Magazine article Editor & Publisher

The Journalist and the Joyrider

Magazine article Editor & Publisher

The Journalist and the Joyrider

Article excerpt

ALL REPORTERS, DEEP down, love good stories. I admit, I love murder. I love tragedy. I love sexy trials. I love political corruption. I love exposing the emperor's new clothes.

Working on a good story is like joyriding in a sports car after having spent your life in a sedan - you want to floor it, patch out, thrash the transmission, put the beast through its paces.

Janet Malcolm undoubtedly saw Jeffrey Masson as a good story. Her profile in the New Yorker was devastating. I am sure she heartily enjoyed every minute of it.

Last month, a jury declared that Malcolm had libeled Masson by using quotes that were not backed up by her notes or tapes. Certainly, all journalists should take note of the verdict. However, there is another concern in the case, one that has not gotten much attention - except, ironically, from Malcolm herself: The issue of bad faith.

I know all about bad faith. I have been guilty of it many times. So have most reporters I know.

I have paid for stories when I knew my money was being used to buy drugs the minute I left the scene. I have deliberately misled people I was interviewing - sometimes putting on a show of sympathy to ]get juicier quotes.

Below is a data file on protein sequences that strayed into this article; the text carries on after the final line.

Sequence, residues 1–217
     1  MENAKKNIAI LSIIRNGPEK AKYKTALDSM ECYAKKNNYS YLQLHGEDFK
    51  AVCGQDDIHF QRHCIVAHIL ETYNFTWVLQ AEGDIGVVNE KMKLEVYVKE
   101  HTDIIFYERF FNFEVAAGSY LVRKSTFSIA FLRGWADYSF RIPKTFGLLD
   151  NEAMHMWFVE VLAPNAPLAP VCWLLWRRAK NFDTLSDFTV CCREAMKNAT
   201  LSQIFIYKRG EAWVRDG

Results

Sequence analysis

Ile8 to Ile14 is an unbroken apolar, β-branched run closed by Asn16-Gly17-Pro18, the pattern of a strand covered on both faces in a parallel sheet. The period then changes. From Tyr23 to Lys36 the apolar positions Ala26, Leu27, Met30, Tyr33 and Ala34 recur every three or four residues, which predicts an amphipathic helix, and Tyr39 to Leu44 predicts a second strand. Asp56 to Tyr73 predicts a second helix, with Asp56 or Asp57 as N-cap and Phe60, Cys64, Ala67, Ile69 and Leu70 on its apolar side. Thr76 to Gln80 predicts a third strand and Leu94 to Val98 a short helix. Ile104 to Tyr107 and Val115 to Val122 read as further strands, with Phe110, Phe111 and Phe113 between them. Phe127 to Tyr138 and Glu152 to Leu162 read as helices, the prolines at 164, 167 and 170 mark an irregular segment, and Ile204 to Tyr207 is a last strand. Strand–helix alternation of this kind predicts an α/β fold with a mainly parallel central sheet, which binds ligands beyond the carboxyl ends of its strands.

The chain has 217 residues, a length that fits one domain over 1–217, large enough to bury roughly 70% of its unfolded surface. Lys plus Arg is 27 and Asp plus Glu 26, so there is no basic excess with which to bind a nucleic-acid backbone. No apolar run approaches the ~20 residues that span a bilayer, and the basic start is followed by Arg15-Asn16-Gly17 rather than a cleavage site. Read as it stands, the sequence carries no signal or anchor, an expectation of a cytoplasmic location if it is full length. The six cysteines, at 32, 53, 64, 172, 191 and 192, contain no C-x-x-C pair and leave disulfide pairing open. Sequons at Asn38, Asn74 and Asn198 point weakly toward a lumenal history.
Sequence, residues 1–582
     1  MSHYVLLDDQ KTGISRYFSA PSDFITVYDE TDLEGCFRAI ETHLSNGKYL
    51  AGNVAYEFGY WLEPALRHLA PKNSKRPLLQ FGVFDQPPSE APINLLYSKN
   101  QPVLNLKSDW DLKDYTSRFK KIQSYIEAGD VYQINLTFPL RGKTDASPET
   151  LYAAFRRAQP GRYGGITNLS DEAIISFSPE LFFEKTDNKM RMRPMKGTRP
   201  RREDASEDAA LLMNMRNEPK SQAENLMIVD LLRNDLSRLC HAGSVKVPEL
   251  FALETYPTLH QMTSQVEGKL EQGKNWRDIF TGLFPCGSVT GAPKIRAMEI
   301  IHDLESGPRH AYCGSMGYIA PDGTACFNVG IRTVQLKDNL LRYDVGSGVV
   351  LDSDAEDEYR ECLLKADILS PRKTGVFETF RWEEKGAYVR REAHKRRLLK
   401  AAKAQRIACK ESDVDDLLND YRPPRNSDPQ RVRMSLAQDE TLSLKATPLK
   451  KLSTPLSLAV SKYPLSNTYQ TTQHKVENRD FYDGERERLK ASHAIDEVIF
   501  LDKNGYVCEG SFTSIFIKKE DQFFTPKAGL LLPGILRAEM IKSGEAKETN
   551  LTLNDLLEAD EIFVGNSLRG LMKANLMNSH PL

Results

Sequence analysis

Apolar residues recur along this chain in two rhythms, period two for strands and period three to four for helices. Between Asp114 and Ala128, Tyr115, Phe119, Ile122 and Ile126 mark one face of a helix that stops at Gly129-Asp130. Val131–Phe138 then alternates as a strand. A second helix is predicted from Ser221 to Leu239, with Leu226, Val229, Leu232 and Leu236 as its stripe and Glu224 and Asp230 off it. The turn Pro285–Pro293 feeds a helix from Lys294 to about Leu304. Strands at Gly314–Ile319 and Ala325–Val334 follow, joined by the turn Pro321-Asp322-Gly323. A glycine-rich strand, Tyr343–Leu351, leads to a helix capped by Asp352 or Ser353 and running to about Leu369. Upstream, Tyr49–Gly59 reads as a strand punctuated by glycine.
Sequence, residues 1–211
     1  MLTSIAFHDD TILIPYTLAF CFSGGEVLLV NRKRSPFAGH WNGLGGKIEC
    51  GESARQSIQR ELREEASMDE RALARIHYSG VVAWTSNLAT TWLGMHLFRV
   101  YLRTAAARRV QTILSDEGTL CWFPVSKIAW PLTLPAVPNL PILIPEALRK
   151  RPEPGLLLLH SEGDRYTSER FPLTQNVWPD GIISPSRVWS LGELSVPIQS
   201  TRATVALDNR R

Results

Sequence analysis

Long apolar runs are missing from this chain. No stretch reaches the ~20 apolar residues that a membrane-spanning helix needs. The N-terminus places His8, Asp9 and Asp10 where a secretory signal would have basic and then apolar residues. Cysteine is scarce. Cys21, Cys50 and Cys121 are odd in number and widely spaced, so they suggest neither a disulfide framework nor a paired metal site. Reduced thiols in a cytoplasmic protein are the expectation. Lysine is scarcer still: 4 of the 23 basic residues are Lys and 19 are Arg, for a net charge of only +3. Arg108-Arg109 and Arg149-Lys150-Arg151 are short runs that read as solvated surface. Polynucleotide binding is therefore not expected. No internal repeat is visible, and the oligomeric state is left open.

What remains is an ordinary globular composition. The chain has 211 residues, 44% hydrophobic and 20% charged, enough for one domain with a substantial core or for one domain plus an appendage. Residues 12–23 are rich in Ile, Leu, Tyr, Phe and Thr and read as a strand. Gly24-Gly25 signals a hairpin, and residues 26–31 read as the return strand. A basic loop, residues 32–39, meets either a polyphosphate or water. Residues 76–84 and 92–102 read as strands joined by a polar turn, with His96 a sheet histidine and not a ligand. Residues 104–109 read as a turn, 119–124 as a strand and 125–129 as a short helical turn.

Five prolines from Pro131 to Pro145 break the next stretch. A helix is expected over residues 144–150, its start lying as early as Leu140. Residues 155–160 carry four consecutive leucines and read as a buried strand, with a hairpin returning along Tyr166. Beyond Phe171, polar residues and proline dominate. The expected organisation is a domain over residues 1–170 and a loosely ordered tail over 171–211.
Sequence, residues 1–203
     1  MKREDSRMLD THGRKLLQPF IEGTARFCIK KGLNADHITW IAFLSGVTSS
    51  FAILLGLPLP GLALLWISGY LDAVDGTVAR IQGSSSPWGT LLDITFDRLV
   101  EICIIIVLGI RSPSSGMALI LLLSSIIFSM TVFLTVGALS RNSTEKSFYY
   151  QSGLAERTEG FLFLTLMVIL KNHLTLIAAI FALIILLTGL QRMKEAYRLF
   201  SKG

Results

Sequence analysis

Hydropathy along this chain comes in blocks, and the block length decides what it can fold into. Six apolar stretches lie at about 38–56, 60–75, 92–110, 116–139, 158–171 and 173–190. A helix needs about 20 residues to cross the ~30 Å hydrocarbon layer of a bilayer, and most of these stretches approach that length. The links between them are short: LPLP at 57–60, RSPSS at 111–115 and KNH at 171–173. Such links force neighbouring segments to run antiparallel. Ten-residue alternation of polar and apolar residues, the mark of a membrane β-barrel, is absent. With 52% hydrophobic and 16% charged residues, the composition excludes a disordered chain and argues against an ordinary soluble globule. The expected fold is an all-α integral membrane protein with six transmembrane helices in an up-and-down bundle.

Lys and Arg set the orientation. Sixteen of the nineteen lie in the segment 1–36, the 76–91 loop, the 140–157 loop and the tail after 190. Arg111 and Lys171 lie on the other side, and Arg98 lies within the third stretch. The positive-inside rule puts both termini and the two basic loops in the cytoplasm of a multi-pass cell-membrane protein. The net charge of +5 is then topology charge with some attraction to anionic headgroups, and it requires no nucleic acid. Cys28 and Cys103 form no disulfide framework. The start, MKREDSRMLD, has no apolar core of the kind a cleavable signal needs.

I have delayed calling people I was writing about until the last possible moment, trying to catch them off guard. I have hidden scoops from my competitors and lied to them about it.

I am not proud about any of this, but I can assure you that, in each case, I thought I was doing my job.

A few years ago, though, that all changed. An editor put me in touch with a man who had had a stroke. He talked haltingly, with a stutter. He could take 15 minutes to find one word. However, this was a big improvement. For almost a year after his stroke, he had been unable to speak at all.

I spent hours with him to make sure I had his story right: He believed the corrupt leaders of his municipal union had poisoned him.

I began to check his account. It was all circumstantial. He had been a member of a dissident union faction. The union president had been accused of corruption, but none of the other dissidents had come down with a mysterious illness, and there was no known drug that could have caused his symptoms.

As I worked, I decided to pursue a different, more compelling story - the story of a man who had made the arduous journey back from a stroke and was now trying to make sense of his illness.

I told him, over and over, that I was not going to write the story he wanted me to write. He always agreed and then returned to his central theme: This happened to him. …

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